Chronic exposure to FA is known to cause acute health problems (Tang et al., 2009) related to amyloid aggregation (Chen et al., 2007), tau protein aggregation and hyperphosphorylation in vitro and in vivo (ENCODE Project Consortium et al., 2007; Liu et al., 2013; Su et al., 2016). It has been suggested that FA toxicity is related to the main hallmarks of age-related neuronal damage and Alzheimer's disease pathology (Tong et al., 2011, 2013a,b, 2017; Liu et al., 2013). The elevated levels of FA found in Alzheimer's disease (Tang et al., 2013a,b; Tong et al., 2013a, 2017) may play important roles in β-amyloid (Aβ) aggregation and cerebral amyloid angiopathy (Li et al., 2016b).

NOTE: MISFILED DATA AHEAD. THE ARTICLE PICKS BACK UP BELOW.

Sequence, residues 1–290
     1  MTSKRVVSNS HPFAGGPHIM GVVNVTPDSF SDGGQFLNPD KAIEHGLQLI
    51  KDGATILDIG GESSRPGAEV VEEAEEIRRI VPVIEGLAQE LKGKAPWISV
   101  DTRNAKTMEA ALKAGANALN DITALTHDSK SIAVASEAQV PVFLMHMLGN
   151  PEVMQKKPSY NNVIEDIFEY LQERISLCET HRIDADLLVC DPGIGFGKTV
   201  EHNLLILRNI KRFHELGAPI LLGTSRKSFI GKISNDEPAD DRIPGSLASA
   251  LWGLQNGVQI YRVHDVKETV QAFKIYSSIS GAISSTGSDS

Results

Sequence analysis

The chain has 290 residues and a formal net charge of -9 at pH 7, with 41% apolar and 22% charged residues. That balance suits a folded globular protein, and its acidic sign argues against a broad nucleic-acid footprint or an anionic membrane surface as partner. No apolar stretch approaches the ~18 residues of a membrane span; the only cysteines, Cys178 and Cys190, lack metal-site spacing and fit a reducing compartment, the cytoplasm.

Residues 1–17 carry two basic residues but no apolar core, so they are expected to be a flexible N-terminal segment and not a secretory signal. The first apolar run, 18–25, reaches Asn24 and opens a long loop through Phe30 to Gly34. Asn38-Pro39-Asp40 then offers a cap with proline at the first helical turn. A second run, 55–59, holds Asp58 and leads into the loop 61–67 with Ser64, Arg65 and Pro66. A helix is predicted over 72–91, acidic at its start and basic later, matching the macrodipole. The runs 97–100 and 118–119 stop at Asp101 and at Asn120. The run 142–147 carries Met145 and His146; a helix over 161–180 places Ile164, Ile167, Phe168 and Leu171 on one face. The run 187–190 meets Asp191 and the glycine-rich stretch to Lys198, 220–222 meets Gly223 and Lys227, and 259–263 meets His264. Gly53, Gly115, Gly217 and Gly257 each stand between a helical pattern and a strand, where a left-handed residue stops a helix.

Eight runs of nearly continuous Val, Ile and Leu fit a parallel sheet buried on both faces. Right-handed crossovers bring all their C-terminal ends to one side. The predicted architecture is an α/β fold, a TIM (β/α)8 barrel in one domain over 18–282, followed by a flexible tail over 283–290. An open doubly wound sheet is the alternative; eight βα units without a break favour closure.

An understanding of the mechanisms of FA metabolism and the ability to maintain a low level of its content in the human body open up the possibility of its control, reducing the risk of age-related neuronal damage and Alzheimer's disease pathology. In principle, there are two key strategies to balance the endogenous FA concentration: (i) inhibition of ADH1-mediated FA synthesis and (ii) stimulation of FA clearance through ALDH2 and ADH5 activation. The reality of the latter method was confirmed by the high detoxifying ability of ALDH2 transgenic mice (Doser et al., 2009). Current knowledge of the factors that contribute to maintaining a low level of mammalian FA content is limited; however, one should take a closer look at the ways to alleviate the lives of patients suffering from Alzheimer's disease by potentially reducing the content of FA (Venigalla et al., 2016). The list of nutraceuticals with antioxidant, neuroprotective, and cognition-enhancing properties contains alpha lipoic acid (ALA, 1,2-dithiolane-3-pentanoic acid) (Moura et al., 2015; Cronan, 2016), which has the potential for Alzheimer's disease prevention and treatment (Venigalla et al., 2016). There is evidence that ALA delays the aging process in the brain and improves brain function and memory. Studies on rat aging have suggested that ALA usage results in improved memory performance and delayed structural mitochondrial decay (Ames and Liu, 2004). Historically, the ability of ALA to ameliorate vitamin C and E deficiencies in laboratory guinea pigs and rats, respectively, first suggested that ALA functions as an antioxidant (Rosenberg and Culik, 1959). Oxidized and reduced (dihydrolipoic acid, DHLA) forms of ALA have been found to chelate heavy metals (Ou et al., 1995), scavenge various reactive oxygen species (ROS) (Packer et al., 1995), and affect antioxidant gene expression (Shay et al., 2009). Although only the R-ALA stereoisomer is found as a cofactor in ALA-containing enzymes, both enantiomers are effective scavengers of various ROS when they are administered exogenously (Bingham et al., 2014). DHLA can regenerate oxidized antioxidants, such as ascorbate (vitamin C), glutathione, coenzyme Q10, and vitamin E, thus reactivating them (Constantinescu et al., 1995). ALA also increases the levels of the most important water-soluble endogenous antioxidant, glutathione (GSH), in vivo and in vitro (Busse et al., 1992; Podda et al., 1994; Han et al., 1997; Sen et al., 1997). Glutathione reacts with FA, forming S-formylglutathione, which in turn is readily oxidized by ADH5. However, the possible participation of ALA in the metabolism of endogenous FA is not only based on its ability to increase GSH. Recent studies have shown that incubation with DHLA increases the activity of another FA-metabolizing enzyme—ALDH2 (He et al., 2012; Li et al., 2013; McCarty, 2013; Dudek et al., 2014)—by the reduction of disulphide bonds between the cysteines in the active site (Muñoz-Clares et al., 2017). A course of ALA injections resulted in elevated ALDH2 activity in human serum with coronary disease and in the gastric mucosa of rats treated with ethanol (Li et al., 2013, 2016a).